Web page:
TALLAHASSEE — For Florida State DT Moses McCray, the toughest times are Saturdays.
"It's okay for me until game day," he said.
Instead of racing out of the tunnel onto the field and then trying to help his teammates win football games, the former Hillsborough High standout is a spectator, watching from home or at Doak Campbell Stadium, maintaining a safe distance from the sideline. McCray tore his left ACL during the first week of practice and had surgery on the knee this month, ending what he and his coaches hoped would be a breakout season before it even began.
"I still go to meetings," he said. "I still lift. I still talk to the guys to try to keep them up."
All of that helps the psyche when you're out, and McCray, 20, who started as a freshman in 2008 and played in 12 games as a sophomore despite elbow and shoulder injuries that required offseason surgery, is remarkably upbeat. In fact, he said this year will help him improve as a player.
"It's different outside the box because you see a lot more than when you're playing," McCray said. "I'm not going to say I like sitting out, but I kind of like the feeling of learning more."
"Sometimes as an injured player, it can put a perspective on things because you really get to sit back and see what the coach sees,'' added coach Jimbo Fisher. "When they come back, it can really help them become better players because of the perspective and the world that got opened up to them from seeing things in a different light. But he's done a great job of that, and he's been a very good team leader, and he's done a good job with our young defensive linemen.''
McCray also is using the year to focus on his academics and has an eye toward a second degree before his five years are up. As for his return to the field, he's looking at possibly spring practice.
"I'm recovering pretty fast," he said. "But I'm not rushing it."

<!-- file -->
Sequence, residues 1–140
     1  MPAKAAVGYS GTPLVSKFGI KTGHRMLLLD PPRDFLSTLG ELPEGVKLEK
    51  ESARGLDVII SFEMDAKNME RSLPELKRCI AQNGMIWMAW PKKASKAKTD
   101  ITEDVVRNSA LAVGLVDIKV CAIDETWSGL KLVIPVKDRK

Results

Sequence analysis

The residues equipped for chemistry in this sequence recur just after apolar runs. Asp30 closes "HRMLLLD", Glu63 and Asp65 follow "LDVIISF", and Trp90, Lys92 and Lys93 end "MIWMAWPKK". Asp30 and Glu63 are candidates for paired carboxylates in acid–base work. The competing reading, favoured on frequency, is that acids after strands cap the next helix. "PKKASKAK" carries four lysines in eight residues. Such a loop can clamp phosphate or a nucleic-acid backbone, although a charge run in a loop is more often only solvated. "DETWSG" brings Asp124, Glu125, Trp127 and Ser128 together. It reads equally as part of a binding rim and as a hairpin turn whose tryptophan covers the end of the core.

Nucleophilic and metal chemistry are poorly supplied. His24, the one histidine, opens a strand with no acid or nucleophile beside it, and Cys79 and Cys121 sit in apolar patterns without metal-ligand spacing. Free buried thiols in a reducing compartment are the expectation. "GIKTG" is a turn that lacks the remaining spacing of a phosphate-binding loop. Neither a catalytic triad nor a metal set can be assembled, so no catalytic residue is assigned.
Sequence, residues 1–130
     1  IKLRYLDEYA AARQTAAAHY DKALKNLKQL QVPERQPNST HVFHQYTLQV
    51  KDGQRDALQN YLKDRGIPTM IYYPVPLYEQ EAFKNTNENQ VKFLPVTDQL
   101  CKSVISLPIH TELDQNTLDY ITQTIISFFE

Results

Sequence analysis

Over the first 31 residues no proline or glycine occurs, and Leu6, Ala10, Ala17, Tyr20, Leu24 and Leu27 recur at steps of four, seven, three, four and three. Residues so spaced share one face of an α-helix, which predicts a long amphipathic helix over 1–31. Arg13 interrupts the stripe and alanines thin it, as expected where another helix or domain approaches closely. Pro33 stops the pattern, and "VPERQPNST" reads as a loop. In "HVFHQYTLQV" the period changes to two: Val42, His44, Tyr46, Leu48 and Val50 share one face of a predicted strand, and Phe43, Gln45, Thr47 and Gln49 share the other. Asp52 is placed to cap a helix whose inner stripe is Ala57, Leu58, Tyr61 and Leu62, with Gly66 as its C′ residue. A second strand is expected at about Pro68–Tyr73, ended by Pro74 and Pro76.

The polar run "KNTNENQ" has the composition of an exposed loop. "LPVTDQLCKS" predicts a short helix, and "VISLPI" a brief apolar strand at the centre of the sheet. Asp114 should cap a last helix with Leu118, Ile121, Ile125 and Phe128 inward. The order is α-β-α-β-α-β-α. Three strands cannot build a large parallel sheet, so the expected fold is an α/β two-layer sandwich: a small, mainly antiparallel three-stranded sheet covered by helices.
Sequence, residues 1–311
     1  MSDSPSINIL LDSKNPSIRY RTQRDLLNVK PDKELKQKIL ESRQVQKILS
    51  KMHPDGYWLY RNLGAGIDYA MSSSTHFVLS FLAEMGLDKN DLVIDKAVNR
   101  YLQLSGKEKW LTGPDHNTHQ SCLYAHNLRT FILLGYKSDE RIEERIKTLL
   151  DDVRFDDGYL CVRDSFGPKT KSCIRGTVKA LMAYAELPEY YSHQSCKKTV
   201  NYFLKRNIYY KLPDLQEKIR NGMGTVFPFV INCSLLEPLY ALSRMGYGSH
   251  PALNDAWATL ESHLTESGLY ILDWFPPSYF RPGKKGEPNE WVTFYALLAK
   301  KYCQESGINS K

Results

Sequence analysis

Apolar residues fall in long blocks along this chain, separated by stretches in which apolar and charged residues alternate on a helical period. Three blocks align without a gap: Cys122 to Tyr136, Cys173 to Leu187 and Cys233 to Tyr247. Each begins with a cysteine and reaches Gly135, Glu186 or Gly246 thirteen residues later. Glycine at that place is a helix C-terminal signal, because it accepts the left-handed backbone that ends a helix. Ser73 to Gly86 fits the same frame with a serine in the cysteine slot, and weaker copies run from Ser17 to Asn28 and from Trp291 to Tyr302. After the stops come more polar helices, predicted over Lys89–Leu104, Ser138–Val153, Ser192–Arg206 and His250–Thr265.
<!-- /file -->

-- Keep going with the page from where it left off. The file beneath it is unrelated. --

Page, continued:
Chapter 2: Fisher enjoyed last week's win for, oh, about five minutes before his attention shifted to Saturday's showdown against Wake Forest (2-1, 1-0 ACC).
"The season now begins," he said. "The preseason's over."
That's not to suggest he didn't want to win his first three games. But he recognizes this one looms far larger for his Seminoles (2-1) — it is their ACC opener and if Fisher and his team are to regain national relevancy, they must start out by regaining that status among their league brethren.
The Seminoles won at least a share of the ACC title the first nine years they were in the league (1992-2000) and 11 of their first dozen years. They rolled up a 98-6 record in ACC play during that time.
But after winning the ACC again in 2005, the first time the conference had a championship game, they've come up empty of that goal. In the past four years, they were a mere 16-16 in league play.
History lesson: Speaking of the ACC opener, the Seminoles have lost that game the past three years, one of which came against Wake Forest. That home loss on Sept. 20, 2008 was QB Christian Ponder's first ACC start, a game he'd just as soon forget. He had essentially promised a win and then, on his first play, threw the first of three interceptions.
"I was young and naïve," he said. "Obviously, they came out motivated, and the first play of the game I go out and throw a pick, and I just let that frustrate me the rest of the game."
Hitting home: Ponder and Houston QB Case Keenum met a couple of summers ago at a camp run by former FSU Heisman Trophy winner Charlie Ward. Ponder and Keenum were counselors this summer at the Manning Passing Academy. Now they share another experience.
Keenum, a prolific passer and a preseason candidate for the Heisman, sustained a season-ending knee injury last weekend when he tried to make a tackle after he threw an interception. Ponder missed the last four games of the 2009 season (and needed surgery) when he made a tackle after throwing a pick.
Brian Landman can be reached at email@example.com or (813) 226-3347. Follow his blog at tampabay.com/blogs/seminoles.